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How do you set up a cluster? Three ways. 1. The HMC installer uses Puppet to set up a set of machines -driven by files listing hostnames of machines you want in specific roles. It doesn't assume you have Java; installs the tested Java versions (64 bit for masters, 32 bit for workers). Brings up entire cluster, smoke tests, leaves you with web management console driven by ganglia and nagios. This is the easy way to set up an entire cluster. 2. There is the option of just installing the RPMs using Yum, directly from the HWX repository, using &quot;yum upgrade&quot; to upgrade -or even go to Kickstart and create your own OS images on demand. One thing to consider is that the platforms tested on look &quot;dated&quot; -why not RHEL6.3 + Java 7? Using experience w/ stability problems on the Y! cluster to stick to JVM version that is trusted to be stable; mature OS.
HCatalog is a table abstraction and a storage abstraction system that makes it easy for multiple tools to interact with the same underlying data. Similar to a Schema in the RDBMS world except that it's more than just the SQL-layer. A common buzzword in the NoSQL world today is that of polyglot persistence. Basically, what that comes down to is that you pick the right tool for the job. In the Hadoop ecosystem, you have many tools that might be used for data processing - you might use Pig or Hive, or your own custom MapReduce program, or that shiny new GUI-based tool that's just come out. And which one to use might depend on the user, or on the type of query you're interested in, or the type of job we want to run. From another perspective, you might want to store your data in columnar storage for efficient storage and retrieval for particular query types, or in text so that users can write data producers in scripting languages like Perl or Python, or you may want to hook up that HBase table as a data source. As a end-user, I want to use whatever data processing tool is available to me. As a data designer, I want to optimize how data is stored. As a cluster manager/data architect, I want the ability to share pieces of information across the board, and move data back and forth fluidly. HCatalog's hopes and promises are the realization of all of the above.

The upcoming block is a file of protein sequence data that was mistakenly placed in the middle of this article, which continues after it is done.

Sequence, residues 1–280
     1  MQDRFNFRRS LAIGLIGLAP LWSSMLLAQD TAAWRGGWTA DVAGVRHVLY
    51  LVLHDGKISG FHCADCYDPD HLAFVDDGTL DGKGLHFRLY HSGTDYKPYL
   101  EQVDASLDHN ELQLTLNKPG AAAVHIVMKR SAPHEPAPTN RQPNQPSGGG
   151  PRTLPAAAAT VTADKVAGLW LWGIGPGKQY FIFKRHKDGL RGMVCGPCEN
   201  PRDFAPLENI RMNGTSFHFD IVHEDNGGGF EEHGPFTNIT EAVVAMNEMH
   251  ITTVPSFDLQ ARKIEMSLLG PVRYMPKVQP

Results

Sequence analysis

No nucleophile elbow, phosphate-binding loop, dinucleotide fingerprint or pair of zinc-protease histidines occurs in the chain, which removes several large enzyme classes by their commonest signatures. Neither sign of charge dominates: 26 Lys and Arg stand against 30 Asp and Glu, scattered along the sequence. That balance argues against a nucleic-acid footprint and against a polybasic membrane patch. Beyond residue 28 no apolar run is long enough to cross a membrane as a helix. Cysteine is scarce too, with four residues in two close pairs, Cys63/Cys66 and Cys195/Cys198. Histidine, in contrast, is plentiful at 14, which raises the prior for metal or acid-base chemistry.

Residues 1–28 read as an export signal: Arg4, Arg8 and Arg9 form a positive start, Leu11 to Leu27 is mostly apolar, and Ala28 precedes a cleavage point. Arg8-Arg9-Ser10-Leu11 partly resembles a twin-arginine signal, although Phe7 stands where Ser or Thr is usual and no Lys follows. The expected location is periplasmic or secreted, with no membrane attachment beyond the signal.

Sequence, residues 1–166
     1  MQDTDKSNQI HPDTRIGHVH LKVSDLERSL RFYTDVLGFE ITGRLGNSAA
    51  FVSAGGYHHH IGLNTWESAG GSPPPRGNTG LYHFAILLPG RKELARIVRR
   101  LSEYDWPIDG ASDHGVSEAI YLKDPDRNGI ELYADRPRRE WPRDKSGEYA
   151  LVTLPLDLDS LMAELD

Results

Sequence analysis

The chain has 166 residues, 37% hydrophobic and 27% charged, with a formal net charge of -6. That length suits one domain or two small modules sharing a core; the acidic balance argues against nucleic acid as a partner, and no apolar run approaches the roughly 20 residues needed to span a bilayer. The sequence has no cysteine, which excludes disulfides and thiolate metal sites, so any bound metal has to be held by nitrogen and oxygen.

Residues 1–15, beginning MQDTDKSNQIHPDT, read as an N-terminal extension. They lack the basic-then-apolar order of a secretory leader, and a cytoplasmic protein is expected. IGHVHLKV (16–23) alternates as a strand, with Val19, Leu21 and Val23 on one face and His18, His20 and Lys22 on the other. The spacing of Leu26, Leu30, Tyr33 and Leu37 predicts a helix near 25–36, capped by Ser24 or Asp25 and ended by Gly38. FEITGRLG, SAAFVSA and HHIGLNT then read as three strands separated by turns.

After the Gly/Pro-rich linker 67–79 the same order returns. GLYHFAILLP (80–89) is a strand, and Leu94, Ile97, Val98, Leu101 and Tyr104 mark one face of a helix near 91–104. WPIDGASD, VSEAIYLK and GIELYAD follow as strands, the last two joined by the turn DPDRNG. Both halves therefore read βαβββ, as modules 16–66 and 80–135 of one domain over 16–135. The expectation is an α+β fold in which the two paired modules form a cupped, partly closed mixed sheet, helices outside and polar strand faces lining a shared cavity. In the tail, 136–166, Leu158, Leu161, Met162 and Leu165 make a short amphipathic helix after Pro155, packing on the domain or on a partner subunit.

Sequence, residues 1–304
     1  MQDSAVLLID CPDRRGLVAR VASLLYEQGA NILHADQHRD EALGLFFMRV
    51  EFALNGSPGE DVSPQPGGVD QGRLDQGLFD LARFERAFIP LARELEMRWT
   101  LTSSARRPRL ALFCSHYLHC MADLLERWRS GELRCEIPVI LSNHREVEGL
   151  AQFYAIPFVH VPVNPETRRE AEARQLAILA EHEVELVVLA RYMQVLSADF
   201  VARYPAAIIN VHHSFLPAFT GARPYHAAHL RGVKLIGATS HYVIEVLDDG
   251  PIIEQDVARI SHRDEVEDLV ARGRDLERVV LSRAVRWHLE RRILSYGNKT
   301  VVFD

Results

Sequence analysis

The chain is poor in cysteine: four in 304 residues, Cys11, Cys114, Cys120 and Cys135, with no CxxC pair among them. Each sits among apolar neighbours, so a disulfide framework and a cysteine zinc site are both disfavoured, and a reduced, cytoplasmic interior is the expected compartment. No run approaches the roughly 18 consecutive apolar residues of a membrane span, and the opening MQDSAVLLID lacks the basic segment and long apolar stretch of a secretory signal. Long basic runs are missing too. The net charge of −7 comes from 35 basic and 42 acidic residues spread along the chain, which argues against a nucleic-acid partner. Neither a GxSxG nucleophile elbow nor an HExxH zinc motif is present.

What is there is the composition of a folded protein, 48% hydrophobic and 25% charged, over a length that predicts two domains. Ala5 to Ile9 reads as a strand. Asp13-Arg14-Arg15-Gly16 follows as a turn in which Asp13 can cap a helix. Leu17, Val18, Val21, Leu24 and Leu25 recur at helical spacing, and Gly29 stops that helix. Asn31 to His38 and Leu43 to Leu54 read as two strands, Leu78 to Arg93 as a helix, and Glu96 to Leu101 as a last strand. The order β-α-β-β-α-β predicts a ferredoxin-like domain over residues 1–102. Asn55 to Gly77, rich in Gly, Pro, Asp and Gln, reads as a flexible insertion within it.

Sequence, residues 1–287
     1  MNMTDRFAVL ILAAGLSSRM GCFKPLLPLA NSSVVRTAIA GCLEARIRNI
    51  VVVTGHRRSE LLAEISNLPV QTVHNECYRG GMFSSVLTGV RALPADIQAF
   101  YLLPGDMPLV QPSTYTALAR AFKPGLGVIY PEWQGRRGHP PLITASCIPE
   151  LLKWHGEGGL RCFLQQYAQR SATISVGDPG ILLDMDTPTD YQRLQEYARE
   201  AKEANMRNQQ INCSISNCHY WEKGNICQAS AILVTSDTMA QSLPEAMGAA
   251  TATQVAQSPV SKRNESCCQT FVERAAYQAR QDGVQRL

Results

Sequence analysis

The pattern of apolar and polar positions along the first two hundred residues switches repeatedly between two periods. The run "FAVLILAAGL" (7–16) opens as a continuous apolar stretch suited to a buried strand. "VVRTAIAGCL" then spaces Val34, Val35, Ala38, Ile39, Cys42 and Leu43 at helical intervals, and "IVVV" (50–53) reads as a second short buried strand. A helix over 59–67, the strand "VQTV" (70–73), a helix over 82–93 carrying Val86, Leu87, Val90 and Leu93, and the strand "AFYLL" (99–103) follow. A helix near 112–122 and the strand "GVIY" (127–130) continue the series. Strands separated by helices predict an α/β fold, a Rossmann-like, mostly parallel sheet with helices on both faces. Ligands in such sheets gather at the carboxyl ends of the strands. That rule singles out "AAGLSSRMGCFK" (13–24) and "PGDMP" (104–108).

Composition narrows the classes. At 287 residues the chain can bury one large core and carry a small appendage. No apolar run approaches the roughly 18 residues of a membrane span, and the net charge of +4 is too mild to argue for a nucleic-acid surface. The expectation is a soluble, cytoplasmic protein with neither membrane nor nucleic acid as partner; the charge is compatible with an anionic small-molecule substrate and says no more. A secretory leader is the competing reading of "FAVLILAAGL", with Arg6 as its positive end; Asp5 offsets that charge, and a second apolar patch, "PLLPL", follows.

Picking on a new feature in Hadoop 1.0.3 : webhdfs is something interesting. Set one config option and the DNs and NNs become web servers (using the chosen auth mechanism), offering read and write access to the data. This is integral to the cluster -you ask the NN for data, which triggers a 307 redirect to a DN with the data, which serves up up. A redirect that is handled transparently by all HTTP clients set up to handle redirects.
Up until now, a change in the internal Hadoop versions caused -protocol version mismatch problems with all remote clients. Those clients also needed the entire Hadoop JAR set on their classpath, and were java only. Now: stable APIs, cross-language,
This is something still coming together: HA clustering using VMWare vSphere as the HA clustering system underneath the classic failure points - the Namenode of HDFS; the JobTracker of MapR Monitoring agents to report failure to vSphere, trigger failover on process crash or hang, VM crash/hang, and physical hardware failure. Lets you host a set of independent VMs, one per master server, with isolated lifecycle and management. Very good for ops tasks: snapshotting, update software in an offline VM, etc. Does not require that the workers are virtual -they can be physical, virtual or even a mix of both.